Conclusion: The proportion of women among academic glaucoma specialists has significantly increased over the past 5 decades; however, the proportion of URMs has been stagnant in the same period. Enhancing URM representation among academic glaucoma specialists deserves to be a future priority.
How to cite this article: Afzali K, Fujimoto DK, Mohammadi SO, et al. Race and Gender Shift among Academic Glaucoma Specialists in the Last 5 Decades. J Curr Glaucoma Pract 2023;17(2):98-103.
Source of support: Nil
Conflict of interest: None
Keywords: Drainage devices, Fenestration, Glaucoma, Glaucoma drainage devices, Glaucoma drainage implants, Glaucoma surgery, Surgical technique, Technique.
Improving racial and gender diversity in the physician workforce may improve patient care and benefit the healthcare field as a whole. Patients who are of the same race as their provider report improved satisfaction, have an increased likelihood of seeking preventative care or care for a new health problem, and experience decreased total healthcare expenditures.1-3 The demographic composition of practicing physicians does not mirror the current United States population, and it is projected that more than half of Americans will belong to an ethnic or racial group other than non-Hispanic White by 2044.4 As of 2018, the current academic physician workforce was 63.9% white and 9.2% underrepresented minority (URM) defined as black, Hispanic, American Indian, Alaskan Native, Native Hawaiian, and Pacific Islander groups by both the Association of American Medical Colleges (AAMC) and the SF Match.5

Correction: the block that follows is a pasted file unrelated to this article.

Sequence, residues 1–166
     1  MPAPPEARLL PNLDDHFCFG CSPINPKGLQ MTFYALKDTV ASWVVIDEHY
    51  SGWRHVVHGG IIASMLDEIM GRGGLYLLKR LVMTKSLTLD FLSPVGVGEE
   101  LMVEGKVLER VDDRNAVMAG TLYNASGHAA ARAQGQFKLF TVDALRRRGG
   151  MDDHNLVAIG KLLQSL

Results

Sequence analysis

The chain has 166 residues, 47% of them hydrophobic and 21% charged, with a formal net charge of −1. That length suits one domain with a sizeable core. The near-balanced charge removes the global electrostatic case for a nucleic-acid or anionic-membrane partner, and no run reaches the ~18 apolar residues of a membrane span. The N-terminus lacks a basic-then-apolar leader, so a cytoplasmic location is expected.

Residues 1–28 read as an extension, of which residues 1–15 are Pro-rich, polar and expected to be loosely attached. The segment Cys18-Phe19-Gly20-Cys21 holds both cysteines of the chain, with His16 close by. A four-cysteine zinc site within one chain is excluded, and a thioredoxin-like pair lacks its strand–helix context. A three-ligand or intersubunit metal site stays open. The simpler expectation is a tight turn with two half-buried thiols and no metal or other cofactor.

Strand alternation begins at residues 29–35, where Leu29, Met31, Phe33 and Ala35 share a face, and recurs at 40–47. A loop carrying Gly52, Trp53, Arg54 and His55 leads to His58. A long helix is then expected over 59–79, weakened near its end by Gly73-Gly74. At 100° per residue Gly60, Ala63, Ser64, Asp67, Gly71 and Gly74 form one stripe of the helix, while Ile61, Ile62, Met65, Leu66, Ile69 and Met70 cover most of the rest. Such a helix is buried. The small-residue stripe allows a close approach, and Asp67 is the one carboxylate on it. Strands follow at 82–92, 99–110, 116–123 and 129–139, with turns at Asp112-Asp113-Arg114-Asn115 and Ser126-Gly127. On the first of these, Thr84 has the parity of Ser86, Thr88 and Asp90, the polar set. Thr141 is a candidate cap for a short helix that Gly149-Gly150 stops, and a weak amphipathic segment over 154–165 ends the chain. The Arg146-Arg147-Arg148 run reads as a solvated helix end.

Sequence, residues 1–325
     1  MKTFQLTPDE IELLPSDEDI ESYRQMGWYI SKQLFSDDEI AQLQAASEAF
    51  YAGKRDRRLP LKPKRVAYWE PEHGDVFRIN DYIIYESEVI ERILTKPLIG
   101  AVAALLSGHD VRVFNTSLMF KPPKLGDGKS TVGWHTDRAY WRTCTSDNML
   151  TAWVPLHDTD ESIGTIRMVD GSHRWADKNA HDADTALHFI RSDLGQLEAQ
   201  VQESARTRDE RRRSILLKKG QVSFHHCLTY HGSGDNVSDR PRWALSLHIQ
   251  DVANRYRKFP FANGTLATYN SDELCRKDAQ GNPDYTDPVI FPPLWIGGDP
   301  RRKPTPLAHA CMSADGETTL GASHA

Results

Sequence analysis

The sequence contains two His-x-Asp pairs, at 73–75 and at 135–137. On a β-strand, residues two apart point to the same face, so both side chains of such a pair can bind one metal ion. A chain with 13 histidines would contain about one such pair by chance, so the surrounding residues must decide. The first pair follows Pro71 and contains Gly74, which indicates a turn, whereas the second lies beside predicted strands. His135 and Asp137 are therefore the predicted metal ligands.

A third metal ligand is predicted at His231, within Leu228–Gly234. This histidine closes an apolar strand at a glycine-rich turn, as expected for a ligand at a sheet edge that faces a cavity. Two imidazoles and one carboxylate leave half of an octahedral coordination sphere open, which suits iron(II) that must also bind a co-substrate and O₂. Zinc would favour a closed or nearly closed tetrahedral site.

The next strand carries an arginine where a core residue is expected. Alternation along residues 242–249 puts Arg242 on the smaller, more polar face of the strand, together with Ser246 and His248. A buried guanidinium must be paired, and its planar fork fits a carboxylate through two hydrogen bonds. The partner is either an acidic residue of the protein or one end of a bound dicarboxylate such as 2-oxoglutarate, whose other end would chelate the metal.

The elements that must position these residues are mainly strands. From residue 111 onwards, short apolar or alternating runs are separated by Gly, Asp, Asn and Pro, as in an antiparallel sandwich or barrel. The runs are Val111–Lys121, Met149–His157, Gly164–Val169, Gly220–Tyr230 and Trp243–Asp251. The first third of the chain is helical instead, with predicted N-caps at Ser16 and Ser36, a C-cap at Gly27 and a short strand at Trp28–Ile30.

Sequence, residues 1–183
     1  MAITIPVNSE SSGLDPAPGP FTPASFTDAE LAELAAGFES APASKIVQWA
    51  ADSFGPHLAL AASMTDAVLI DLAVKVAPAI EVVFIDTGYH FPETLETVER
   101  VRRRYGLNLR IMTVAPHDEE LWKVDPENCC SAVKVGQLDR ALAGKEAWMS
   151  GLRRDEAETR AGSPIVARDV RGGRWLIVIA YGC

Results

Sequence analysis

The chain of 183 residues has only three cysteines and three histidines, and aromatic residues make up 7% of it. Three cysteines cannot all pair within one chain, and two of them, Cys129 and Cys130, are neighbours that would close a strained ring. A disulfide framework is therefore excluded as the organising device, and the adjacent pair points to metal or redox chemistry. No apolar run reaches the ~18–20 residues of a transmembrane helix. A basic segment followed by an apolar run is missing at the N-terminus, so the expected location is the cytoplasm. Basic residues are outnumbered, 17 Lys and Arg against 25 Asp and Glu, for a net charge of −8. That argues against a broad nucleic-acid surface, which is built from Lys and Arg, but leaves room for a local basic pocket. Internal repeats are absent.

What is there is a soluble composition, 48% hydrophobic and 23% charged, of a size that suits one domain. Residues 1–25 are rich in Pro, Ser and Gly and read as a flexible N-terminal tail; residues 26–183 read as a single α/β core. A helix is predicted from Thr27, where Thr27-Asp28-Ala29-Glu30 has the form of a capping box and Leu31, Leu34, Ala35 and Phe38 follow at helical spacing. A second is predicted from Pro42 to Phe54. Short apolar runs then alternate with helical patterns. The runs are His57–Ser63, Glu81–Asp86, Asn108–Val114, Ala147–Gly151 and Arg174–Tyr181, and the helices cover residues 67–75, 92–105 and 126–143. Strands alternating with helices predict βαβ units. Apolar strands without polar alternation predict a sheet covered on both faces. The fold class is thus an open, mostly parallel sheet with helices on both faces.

Additionally, female physicians may have slightly different practice patterns from male physicians. Female physicians have been shown to counsel more on preventative health and have improved outcomes in hospitalized and surgical patients.6-8 While female physicians comprise 36% of practicing physicians in the United States, this proportion varies widely among different specialties.9 In ophthalmology, 22.7% of the practicing physicians are women and only 6% are from URM groups.10 Furthermore, the proportions of women or URM in academic ophthalmology were lower compared to other specialties.11
While there has been a modest increase in the proportion of female ophthalmology residents, there was no change in the proportion of URM in this same period.10 Subspecialty ophthalmologists such as ophthalmic plastic and reconstructive surgery recently reported an increase in the proportion of females and URMs in the field over the past 3 decades.12 Demographic trends among glaucoma specialists have not yet been described. This study aimed to characterize the change in gender and URM representation over time among academic glaucoma specialists.